Tuesday, February 26, 2013

Coast Forest Products Association's position on the Forest Centre

These are the speaking notes from last night's meeting for Rick Jeffery, President and CEO, Coast Forest Products Association

“Philanthropy isn’t just for today.  It is for today, tomorrow and for years to come.”

Good evening it is my pleasure to be here tonight.

My name is Rick Jeffery, and I am President of Coast Forest Products Association.
I am here representing 20 forestry companies which produce logs, lumber and pulp and paper on our coast.  38,000 people living in Vancouver and coastal communities throughout BC rely on the health of our industry for their jobs and livelihoods. 

I would like to thank the 3 previous speakers: Michael Kluckner, Roy Forster and Henry Hawthorne, an interesting and knowledgeable group.  Also thank you to Janet Leduc and her team for putting together this event tonight. 

When I think of philanthropy, I realize that it is something that isn’t just for today.  It is for today, tomorrow and for years to come.

The coast forest sector has a long history of philanthropy that has helped build coastal communities throughout BC including Vancouver.  As you may be aware there are a number of iconic and significant public buildings and art works around Vancouver which are gifts from our industry.  I will list a few tonight:

·      •The Bloedel Conservatory
·     • Knife Edge two Piece that Henry Moore gifted with Bloedel Conservatory and situated on its plaza
·    •  VanDusen Botanical Garden, Original Buildings
·      •HR MacMillan Space Centre/Planetarium…and finally, the reason why we are here tonight,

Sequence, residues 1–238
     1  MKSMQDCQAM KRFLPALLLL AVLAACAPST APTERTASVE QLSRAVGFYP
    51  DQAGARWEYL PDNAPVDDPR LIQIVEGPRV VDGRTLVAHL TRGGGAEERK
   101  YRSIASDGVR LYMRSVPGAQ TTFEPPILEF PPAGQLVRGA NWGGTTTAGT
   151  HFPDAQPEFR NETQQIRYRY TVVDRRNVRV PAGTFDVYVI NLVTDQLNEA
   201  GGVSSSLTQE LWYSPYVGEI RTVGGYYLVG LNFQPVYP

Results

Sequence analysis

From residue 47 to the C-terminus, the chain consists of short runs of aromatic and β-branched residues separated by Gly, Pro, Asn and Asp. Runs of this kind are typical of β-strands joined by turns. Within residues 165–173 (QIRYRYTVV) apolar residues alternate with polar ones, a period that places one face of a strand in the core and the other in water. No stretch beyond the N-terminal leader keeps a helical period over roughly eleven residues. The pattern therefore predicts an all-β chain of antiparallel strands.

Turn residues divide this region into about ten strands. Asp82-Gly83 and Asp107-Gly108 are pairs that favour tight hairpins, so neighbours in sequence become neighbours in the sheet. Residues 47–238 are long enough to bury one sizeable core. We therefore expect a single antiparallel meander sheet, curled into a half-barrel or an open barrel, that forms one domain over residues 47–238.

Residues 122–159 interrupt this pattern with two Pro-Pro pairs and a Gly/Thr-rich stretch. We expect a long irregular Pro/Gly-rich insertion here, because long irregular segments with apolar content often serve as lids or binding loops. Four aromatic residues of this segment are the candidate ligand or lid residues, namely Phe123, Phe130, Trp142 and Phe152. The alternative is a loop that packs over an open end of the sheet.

·      •MacMillian Bloedel Place “A Walk in the Forest” (at VanDusen Botanical Gardens). 

There are others to be sure but estimates are that just this list (above) would likely total $200 million dollars in replacement costs today.

As you can see, these are important to Vancouver and this legacy of giving is one that our industry is particularly proud of….. even though coast forestry has changed significantly with the times.  We are now much different than what we once were when these buildings were constructed.   

Today coast forestry is a modern sector.  We are focussed on sustainability and follow some of the strictest forest regulations in the world.  Over 17 million new trees are planted by our member companies on the BC coast alone.  200 million per year are planted in BC.  We are growing our markets both here at home as well as globally.  We are high tech., innovative and finding new uses for wood…Even in today’s Vancouver Sun, there was a story about how Vancouver architect, Michael Green will be speaking at the upcoming TED conference regarding constructing tall towers from wood - this concept came from right here in our city.   

As you can see we are both proud of our shared heritage with the City of Vancouver yet speak to you today as a new and modern industry.     

When Coast Forest was advised of this situation with the Forestry Education Centre recently we were shocked - especially after having just witnessed a similar threat to the Bloedel Conservatory a few years ago. We don’t like to see our gifts neglected and under the threat of being destroyed.  Clearly this sets a poor precedent for any potential future donors.

I am here tonight to advise you we will be writing a letter to the Park Board and City of Vancouver asking them to reconsider the demolition of MacMillan Bloedel Place. 

Please give our industry and the public time to look for solutions to prevent what would be a terrible loss to people in Vancouver and throughout British Columbia.

I urge all of you here tonight to take the same action.

Thank you.   

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